For years, and starting long before President Donald Trump won election, the U.S. has acted as the world’s greatest haven for global dirty money.
As researchers and investigators alike have uncovered over the past few years — and as highlighted in a recent documentary on the Panama Papers — the U.S. has arguably surpassed the U.K. as the globe’s safest harbor for dirty money thanks to a confluence of factors, ranging from anonymous shell companies to anonymous trusts to anonymous real estate purchases in America’s massive luxury real estate markets. On top of that, while countries like the U.K. have moved forward with identifying those behind shell companies, the U.S. has been reluctant to close the door on people taking advantage of America as a haven for illicit finances.
While Washington has been mired in political infighting and unable to pass bipartisan legislation on the matter, a handful of states have taken steps to stop any federal efforts to crack down on financial anonymity. Wyoming, for example, is home of a sprawling anonymous company network, while South Dakota houses a burgeoning anonymous trust industry.
Along the way, while federal investigators have pried into financial secrecy havens in other countries, Washington has refused to offer the same financial transparency to allies and partners. And states like Delaware and Nevada, both pioneers in the world of anonymous shell companies, have attracted the exact same crooks and kleptocrats the United States has tried to track down elsewhere.
In addition to helping skyrocket cost-of-living rates for American cities across the country, these kleptocrats parking their money in the United States — lining the pockets of realtors, accountants, and public relations specialists — also pose a serious threat to America’s national security and interests abroad. These kleptocrats destabilize nations by gutting their own countries’ finances and treasuries, then funneling the loot into the system of U.S.-based offshore services. From Ukraine to Venezuela, the end result is domestic chaos, creating new security threats for Washington to deal with.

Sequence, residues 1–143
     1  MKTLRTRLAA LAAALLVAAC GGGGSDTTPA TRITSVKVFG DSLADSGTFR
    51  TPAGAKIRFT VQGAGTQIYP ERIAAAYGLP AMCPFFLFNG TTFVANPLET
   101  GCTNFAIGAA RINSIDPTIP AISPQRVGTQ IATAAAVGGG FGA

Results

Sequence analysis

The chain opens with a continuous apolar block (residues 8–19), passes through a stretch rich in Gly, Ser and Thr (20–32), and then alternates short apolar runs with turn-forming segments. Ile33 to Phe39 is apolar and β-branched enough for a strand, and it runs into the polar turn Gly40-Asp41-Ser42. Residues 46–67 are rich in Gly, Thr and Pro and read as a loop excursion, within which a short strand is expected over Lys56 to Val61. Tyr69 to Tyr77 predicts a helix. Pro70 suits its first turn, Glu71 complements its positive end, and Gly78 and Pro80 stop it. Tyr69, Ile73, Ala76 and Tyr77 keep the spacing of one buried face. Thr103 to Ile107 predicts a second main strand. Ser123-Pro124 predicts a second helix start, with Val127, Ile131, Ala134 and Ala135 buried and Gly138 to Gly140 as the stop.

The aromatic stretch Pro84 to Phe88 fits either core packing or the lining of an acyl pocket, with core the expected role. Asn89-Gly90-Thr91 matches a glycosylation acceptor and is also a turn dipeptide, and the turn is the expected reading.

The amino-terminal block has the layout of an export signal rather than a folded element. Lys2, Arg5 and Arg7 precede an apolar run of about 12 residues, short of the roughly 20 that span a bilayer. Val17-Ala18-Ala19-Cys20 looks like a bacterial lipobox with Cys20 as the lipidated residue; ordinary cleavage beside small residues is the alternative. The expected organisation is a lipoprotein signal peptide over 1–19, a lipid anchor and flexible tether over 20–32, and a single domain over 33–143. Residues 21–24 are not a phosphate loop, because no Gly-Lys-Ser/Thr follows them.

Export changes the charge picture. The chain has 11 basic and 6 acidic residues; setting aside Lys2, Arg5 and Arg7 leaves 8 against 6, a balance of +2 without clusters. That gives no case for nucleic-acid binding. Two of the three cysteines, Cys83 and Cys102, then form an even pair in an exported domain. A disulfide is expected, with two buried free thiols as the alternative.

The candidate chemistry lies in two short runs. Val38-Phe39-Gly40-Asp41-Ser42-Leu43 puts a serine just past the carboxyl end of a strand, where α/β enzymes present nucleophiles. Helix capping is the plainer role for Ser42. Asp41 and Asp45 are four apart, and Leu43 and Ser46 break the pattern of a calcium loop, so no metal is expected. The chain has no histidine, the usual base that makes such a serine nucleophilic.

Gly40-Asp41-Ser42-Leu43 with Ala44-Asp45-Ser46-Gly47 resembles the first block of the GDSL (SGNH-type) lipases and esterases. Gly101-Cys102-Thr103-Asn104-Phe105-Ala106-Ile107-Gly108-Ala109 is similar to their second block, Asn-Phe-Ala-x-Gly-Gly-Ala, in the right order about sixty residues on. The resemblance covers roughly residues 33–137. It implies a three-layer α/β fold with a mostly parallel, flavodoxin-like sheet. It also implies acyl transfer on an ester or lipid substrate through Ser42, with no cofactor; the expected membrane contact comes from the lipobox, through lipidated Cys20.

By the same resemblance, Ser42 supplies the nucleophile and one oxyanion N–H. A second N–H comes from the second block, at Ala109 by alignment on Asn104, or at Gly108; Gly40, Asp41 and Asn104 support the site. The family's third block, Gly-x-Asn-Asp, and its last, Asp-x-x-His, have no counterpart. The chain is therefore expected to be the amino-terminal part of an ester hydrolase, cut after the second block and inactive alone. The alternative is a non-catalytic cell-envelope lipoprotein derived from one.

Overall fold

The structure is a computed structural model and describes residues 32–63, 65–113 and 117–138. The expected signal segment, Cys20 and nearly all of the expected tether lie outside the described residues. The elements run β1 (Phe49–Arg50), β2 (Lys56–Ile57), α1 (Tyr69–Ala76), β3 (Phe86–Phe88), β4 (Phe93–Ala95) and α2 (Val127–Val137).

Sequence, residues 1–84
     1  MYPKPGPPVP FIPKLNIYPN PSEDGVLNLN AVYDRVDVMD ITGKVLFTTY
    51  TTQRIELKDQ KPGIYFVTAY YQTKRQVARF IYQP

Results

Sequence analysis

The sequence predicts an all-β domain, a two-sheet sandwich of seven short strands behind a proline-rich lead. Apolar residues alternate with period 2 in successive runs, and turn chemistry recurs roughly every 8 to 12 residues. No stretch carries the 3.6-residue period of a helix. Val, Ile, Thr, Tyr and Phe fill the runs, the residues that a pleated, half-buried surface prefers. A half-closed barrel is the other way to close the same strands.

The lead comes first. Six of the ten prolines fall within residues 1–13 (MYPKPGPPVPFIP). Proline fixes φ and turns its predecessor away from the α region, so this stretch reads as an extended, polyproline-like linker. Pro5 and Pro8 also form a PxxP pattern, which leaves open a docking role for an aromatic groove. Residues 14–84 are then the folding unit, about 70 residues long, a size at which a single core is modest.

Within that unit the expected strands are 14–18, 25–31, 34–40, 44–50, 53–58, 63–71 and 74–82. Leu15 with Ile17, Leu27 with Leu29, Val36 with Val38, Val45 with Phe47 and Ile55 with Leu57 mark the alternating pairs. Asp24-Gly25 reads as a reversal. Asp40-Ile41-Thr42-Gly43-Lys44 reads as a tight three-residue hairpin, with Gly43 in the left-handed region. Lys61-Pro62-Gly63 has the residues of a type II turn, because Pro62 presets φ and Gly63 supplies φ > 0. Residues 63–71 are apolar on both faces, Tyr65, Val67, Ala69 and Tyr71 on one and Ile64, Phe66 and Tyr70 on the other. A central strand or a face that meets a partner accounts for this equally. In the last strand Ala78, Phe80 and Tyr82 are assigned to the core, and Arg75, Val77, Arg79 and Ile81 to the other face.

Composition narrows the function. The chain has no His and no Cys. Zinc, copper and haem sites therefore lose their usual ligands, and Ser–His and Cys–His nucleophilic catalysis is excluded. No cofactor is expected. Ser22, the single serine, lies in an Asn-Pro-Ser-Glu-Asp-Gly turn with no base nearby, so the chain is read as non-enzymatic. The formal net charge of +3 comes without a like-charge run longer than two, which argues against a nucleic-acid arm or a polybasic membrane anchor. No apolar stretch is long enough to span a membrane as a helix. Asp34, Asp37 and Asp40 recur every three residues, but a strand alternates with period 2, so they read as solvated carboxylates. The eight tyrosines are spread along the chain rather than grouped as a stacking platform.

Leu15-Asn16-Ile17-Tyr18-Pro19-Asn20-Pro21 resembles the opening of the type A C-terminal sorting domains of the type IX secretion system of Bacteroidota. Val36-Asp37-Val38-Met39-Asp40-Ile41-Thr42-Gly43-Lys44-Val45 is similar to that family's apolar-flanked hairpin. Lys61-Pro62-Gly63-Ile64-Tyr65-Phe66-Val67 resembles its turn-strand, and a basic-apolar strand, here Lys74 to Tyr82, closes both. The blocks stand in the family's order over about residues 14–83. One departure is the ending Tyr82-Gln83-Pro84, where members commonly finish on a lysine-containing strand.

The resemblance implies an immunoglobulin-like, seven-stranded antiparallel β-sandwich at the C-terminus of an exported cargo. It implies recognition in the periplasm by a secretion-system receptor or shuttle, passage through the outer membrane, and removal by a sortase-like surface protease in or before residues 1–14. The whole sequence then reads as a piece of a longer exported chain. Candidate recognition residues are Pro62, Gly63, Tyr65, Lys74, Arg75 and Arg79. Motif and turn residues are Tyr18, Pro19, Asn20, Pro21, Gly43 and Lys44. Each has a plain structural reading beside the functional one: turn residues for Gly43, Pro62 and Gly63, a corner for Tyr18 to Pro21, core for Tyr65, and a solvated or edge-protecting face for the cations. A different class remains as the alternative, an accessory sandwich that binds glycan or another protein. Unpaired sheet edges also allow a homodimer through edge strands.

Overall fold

While Trump has shown no interest in pushing anti-kleptocracy policies, a raft of activists, civil society groups, and frustrated bureaucrats have barreled ahead, helping lead an effort to clean up America’s financial secrecy sector. As such, there’s momentum for Democrats, including the prospective 2020 presidential candidates, to jump aboard the anti-kleptocracy bandwagon.
Below are a number of policies experts recommend that lawmakers could push now, both because they stand a chance to excite voters and because America’s own role in internationalized kleptocracy is a pressing national security issue. Some measures are already in the works, such as policies to end anonymous shell companies. But they’re all necessary — and the sooner the better.
The low-hanging fruit
Some pro-transparency policy proposals are more easily accomplished than others. These three below, thanks to bills moving through Congress and regulations already introduced, present the quickest, most effective ways the U.S. can begin rolling back its role as a haven for dirty money.
1. Ban anonymous shell companies in the U.S.
The World Bank found in a 2014 study that the U.S., thanks to its sheer size, produces some ten times as many legal entities — such as anonymous shell companies — as the next 41 countries and jurisdictions combined. Led by states like Delaware, Nevada, and Wyoming, each of which have pioneered financial secrecy tools for anonymous shell companies, American states have proven willing time and again to allow anyone, regardless of background or concern, to open an anonymous shell company. Case in point: It is more difficult, according to research by financial watchdog group Global Financial Integrity, to get a library card in the U.S. than it is to set up an anonymous shell company.
But the U.S. could take a leading role in disrupting these illicit networks of money, if only it would take action. As a recent letter signed by more than 60 American national security experts noted, “By ending anonymous ownership of companies and encouraging other countries to do the same, the United States could turn a vulnerability into an advantage, disrupting illicit financial networks and pushing back against adversaries who seek to undermine the rule of law globally.”